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The effect of omega-3 and vitamin D co-supplementation on glycemic control and lipid profiles in reproductive-aged women with pre-diabetes and hypovitaminosis D: a randomized controlled trial

Abstract

Background

Prediabetes can predispose the individual to type 2 diabetes in the long-term. The present study was conducted to determine the effectiveness of vitamin D and omega-3 co-supplementation on glycemic control and serum lipid profiles in women of reproductive age with prediabetes and hypovitaminosis D.

Methods

The present factorial, triple-blind, clinical trial was conducted on 168 women of reproductive age with prediabetes and hypovitaminosis D. The participants were assigned to four groups based on block randomization method: the placebo group received omega-3 and vitamin D placebos; the omega-3 group took omega-3 supplements and vitamin D placebos; the vitamin D group received omega-3 placebos and vitamin D supplements and the co-supplementation group. The groups received every 2 weeks 50,000 IU pearls of vitamin D and twice-daily doses of 1000-mg omega-3 tablets or placebos for 8 weeks. Dietary intake, physical activity, anthropometric indices and blood biochemical tests were measured at the beginning and end of the study. Analysis was performed using two-way mixed ANOVA.

Results

A significant reduction was observed in fasting glucose, insulin, homeostasis model assessment-beta cell function, weight and waist circumference in the co-supplementation group compared to the other three groups (P < 0.05). Moreover, high-density lipoprotein-cholesterol levels increased significantly in the co-supplementation group compared to the other three groups (P < 0.05). Despite the fact that homeostasis model assessment-insulin resistance, total cholesterol, triglyceride and low-density lipoprotein-cholesterol levels decreased after intervention in the co-supplementation group, there was no significant difference between the groups in these outcomes.

Conclusion

Vitamin D and omega-3 co-supplementation improved fasting serum glucose, insulin, high-density lipoprotein-cholesterol level, homeostasis model assessment-beta cell function, weight and waist circumference in women of reproductive age with prediabetes and hypovitaminosis D. This co-supplementation can therefore be recommended for glycemic control in these women.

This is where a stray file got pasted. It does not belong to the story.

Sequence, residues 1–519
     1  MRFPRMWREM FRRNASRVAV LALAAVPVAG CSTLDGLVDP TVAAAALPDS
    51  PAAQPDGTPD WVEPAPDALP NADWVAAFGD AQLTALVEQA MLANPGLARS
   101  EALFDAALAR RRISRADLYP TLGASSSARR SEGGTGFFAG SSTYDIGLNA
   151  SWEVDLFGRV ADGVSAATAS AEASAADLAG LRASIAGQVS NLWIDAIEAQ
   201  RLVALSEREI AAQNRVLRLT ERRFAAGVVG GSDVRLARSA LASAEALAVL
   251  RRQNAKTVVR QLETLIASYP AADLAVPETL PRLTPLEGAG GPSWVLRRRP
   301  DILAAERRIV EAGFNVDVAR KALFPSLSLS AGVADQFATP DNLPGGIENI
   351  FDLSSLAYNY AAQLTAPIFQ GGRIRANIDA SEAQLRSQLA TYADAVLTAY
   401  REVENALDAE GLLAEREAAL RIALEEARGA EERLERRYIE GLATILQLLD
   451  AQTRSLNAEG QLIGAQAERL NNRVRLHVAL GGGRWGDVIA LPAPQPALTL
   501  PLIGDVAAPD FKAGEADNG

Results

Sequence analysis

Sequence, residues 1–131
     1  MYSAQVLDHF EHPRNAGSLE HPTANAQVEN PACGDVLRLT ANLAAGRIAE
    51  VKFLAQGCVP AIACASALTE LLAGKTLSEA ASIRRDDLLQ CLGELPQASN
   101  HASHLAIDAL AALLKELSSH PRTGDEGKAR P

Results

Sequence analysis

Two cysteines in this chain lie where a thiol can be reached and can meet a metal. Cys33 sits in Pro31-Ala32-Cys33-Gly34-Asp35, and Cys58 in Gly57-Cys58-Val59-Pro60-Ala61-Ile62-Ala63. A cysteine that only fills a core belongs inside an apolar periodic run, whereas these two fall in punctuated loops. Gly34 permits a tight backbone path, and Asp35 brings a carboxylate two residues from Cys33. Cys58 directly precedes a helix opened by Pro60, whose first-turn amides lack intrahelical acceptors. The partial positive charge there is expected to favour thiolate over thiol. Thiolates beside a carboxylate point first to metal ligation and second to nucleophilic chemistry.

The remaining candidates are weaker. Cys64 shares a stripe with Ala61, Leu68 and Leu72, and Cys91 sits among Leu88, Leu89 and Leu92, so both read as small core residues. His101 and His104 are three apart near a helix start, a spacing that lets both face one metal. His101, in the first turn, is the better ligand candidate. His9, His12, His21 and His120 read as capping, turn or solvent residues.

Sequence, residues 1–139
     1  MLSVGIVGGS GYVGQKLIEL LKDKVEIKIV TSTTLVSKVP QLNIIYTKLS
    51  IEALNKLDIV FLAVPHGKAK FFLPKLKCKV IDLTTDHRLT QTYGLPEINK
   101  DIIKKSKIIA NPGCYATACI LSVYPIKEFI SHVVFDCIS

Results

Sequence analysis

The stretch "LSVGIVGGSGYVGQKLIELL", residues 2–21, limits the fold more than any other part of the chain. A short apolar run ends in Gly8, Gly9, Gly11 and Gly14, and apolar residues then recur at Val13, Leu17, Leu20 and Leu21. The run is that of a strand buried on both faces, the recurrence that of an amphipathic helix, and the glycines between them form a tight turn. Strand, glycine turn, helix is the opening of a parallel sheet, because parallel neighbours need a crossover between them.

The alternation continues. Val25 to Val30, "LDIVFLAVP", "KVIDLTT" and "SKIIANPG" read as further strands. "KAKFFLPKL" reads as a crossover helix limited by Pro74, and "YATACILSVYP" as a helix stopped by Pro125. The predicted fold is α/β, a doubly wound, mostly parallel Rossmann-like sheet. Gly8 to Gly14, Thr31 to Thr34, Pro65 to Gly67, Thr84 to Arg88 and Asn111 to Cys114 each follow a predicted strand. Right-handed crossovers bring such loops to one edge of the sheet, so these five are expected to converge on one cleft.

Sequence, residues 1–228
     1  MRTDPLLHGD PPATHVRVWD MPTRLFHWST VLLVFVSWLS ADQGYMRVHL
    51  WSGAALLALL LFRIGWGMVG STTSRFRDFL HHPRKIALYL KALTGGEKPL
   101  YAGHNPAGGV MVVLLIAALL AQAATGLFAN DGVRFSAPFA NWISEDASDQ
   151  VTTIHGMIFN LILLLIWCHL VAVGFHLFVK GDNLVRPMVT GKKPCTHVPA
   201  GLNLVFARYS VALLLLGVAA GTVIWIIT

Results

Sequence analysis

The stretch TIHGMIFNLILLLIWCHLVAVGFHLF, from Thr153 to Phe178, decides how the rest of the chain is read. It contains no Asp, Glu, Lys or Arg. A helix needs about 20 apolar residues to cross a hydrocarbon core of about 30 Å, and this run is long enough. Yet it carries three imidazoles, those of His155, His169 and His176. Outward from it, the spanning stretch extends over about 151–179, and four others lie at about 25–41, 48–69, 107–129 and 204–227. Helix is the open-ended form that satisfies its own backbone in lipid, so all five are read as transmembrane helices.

Trial registration Iranian Registry of Clinical Trials Code: IRCT20100130003226N17. Registered on 9 Feb. 2019

Background

Prediabetes is a transient stage between normal blood glucose level and diabetes type 2. Prediabetic people are at risk of progressing toward diabetes [1]. Every year 5 to 10 percent of this group develops diabetes type 2 [2]. A total of 318 million people were reported to have prediabetes in 2015 around the world, which is anticipated to increase to 471 million by 2035 [3]. Studies have reported the incidence of nephropathy, retinopathy and macro vascular problems in prediabetes stage [2]. Insulin resistance and hypovitaminosis D adversely affects women’s reproductive health and causes menstrual changes, impaired fertility, sexual dysfunction, urinary and vaginal infections, urinary incontinence and depression. An increased risk of breast and ovarian cancer has also been reported with increased insulin resistance [4,5,6]. During pregnancy this group is at risk of gestational diabetes [7].

Studies have confirmed the beneficial effects of weight loss, increased physical activity, and use of medications such as metformin in increasing insulin sensitivity [8,9,10]. However, inconsistent adherence to the medication regimen due to the side effects experienced and the difficulties in maintaining weight and physical activity in the long term further reveal the need for an effective and safe intervention to control this problem [10, 11].

The use of supplements has become very popular in recent years. There has been some evidence suggesting that vitamin D deficiency has a role in the development of diabetes. The receptors of this vitamin are present in the organs involved glucose-metabolism, such as the pancreatic beta cells, adipose tissue and liver [12, 13] and can therefore increase insulin secretion and stimulate glucose transfer [14, 15]. Nonetheless, various trial studies have reported different effects of vitamin D in pre-diabetic individuals [16].

Moreover, subclinical inflammation is regarded as one of the pathological mechanisms of developing diabetes type 2. As a bioactive anti-inflammatory agent, omega-3 appears to be effective on a large number of physiological mechanisms. Therefore, using omega-3 can be considered as a strategy for delaying progress to diabetes type 2 in pre-diabetic individuals [17,18,19]. Studies have yielded contradictory results on the effects of omega-3 on insulin sensitivity [20,21,22,23]. Some studies have revealed positive effects for vitamin D and omega-3 co-supplementation on the metabolic status of people with gestational diabetes and diabetes type I [24, 25]. Given these conflicting reports and also since the effect of the concurrent intake of these two supplements has not been assessed in pre-diabetic subjects, the present study was conducted to determine the effectiveness of vitamin D and omega-3 co-supplementation on glucose control and the serum lipid profile in women of reproductive age with prediabetes and hypovitaminosis D.